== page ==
Like in the ℓ_{1} periodogram, our base model includes the offsets of the three datasets. For the apodized sinusoid, we consider a grid of timescales τ = 10 · T_{obs}, T_{obs}/3, T_{obs}/9 and T_{obs}/27, where T_{obs} is the total observation timespan of the data. In Fig. E.2, we represent z(ω, t_{0},τ) as defined in Eq. (E.2), maximised over t_{0}. The dominating peak has a period of 15.2 days. We want to test whether the signal is statistically compatible with a constant one (i.e. with τ = 10 · T_{obs}). Using t_{(τ,ω)} to denote the value of t_{0} maximising the value of the periodogram (E.2) for a given ω and τ, we compute the distribution (E.3)
with the hypothesis that model K(ω, t_{(τ,ω)}, τ, A*, B*) is correct, where the fitted cosine and sine amplitudes A*, B* are obtained by fitting model K to the data. D_{z} can easily be expressed as a generalised χ^{2} distribution, with mean and variance given by an analytical expression (Hara et al. 2022). In Fig. E.2, horizontal dashed lines correspond to the values of z at the frequency where the maximum is attained. For each value of τ, we assume that the data contain a signal at frequency 15.2 days and with timescale τ. The points with error bars correspond to the expected value of the peaks in the ASP and their standard deviation, assuming that the timescale τ in abscissa is the correct one. These are computed as z(ω, t_{(τ,ω)},τ) − E(D_{Z}), where E(D_{Z}) is the expectancy of D_{z} as defined in Eq. (E.3), and as the variance of D_{z}. The more each expected value (with error bars) is closer to the level defined by the dashed horizontal line of the same colour, the more the value of τ in the abscissa is the best representation for the timescale associated to the signal of period P. From Fig. E.2, we see that assuming τ = 10 · T_{obs} as the correct timescale, the expected position of the ASP peaks of the other timescales is more than three sigma away from where they are observed. Their expected positions are in agreement with the observed levels for τ = T_{obs}/27, meaning that the period P = 15.2 days is not stable over time.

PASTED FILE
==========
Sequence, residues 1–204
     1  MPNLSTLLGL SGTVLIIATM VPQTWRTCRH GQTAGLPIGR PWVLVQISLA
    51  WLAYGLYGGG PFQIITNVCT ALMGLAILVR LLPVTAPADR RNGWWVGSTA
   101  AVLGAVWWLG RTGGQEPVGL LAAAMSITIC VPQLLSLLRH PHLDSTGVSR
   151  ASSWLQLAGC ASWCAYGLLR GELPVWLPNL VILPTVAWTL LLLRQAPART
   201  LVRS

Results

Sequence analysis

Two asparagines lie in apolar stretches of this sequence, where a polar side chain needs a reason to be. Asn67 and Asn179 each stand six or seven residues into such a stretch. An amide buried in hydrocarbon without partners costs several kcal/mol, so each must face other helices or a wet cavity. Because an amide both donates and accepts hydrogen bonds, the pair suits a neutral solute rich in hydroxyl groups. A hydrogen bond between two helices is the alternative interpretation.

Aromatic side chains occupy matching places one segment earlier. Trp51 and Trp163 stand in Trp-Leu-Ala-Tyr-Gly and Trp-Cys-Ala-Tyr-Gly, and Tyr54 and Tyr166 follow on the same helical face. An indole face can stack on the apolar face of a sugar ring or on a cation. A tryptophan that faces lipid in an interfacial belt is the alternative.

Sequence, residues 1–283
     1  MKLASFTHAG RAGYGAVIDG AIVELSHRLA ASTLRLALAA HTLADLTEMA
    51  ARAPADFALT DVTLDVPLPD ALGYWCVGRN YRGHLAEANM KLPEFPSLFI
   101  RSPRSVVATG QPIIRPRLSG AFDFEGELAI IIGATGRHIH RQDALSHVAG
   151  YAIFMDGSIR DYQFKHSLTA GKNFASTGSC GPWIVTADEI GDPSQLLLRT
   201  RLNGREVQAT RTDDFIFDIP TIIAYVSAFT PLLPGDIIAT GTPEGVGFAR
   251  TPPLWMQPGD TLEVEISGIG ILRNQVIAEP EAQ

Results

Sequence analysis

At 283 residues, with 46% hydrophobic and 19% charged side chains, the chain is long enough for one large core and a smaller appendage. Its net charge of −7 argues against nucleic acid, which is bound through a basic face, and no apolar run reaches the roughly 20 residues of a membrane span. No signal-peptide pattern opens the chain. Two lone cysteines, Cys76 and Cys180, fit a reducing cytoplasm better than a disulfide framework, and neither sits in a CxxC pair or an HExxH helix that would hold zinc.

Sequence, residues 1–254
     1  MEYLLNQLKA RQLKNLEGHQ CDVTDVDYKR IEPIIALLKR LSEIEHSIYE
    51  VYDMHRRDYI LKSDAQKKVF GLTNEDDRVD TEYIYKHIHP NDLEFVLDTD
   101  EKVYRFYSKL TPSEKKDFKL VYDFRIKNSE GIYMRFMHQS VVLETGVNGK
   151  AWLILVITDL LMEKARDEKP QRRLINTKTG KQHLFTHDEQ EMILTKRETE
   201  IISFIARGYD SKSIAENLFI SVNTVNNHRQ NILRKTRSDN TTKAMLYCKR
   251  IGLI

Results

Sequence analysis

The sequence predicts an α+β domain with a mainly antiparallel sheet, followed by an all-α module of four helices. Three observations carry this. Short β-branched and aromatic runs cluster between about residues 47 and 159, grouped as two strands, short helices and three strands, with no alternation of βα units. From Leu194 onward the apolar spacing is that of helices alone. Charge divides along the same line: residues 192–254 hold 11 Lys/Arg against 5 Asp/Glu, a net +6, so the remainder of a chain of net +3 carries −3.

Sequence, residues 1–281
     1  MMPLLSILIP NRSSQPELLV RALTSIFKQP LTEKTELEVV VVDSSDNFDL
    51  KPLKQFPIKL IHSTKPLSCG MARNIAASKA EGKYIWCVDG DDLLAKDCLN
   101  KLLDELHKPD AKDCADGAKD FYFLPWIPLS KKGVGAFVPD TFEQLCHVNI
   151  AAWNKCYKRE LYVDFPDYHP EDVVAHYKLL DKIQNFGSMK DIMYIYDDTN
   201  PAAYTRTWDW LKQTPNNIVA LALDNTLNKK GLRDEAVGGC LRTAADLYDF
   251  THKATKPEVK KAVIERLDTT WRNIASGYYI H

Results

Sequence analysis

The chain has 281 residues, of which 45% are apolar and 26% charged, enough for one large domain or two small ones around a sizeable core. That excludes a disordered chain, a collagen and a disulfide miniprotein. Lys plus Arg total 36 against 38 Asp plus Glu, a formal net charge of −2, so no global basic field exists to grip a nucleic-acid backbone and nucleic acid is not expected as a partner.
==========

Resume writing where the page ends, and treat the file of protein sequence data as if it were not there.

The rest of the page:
Fig. E.2 Left panel: ASP corresponding to different apodization timescales: τ = 10 · T_{obs}, T_{obs}/3, T_{obs}/9 and T_{obs}/27, respectively in blue, orange, green, and red. Middle panel: Zoom onto the maximum peak. Right panel: Statistical tests as defined in Hara et al. (2022). 
Fig. E.3 As in Fig. E.2. The base model now includes the signal corresponding to the highest peak of the first ASP (Fig. E.2). 
We prewhitened the original dataset by including the 15.2day signal in the null hypothesis/base model H, and we repeated the calculation of the ASP. We obtain the periodogram in Fig. E.3, which shows a peak occurring at a period of 140 days. The statistical test in the right panel of the figure shows that this signal is compatible with having a timescale τ = T_{obs}/3 or greater. This means that the signal can be credibly approximated as a sinusoid (we note that this method does not take the orbital eccentricity into account), meaning that it is compatible with a signal induced by a planet.
Appendix F Results relative to RV models including two Keplerians
In this section, we show plots related to the tests performed on the HARPS_{TERRA}+CARMENES RVs discussed in Sect. 6.1.2, where we examined the hypothesis of a twoplanet system.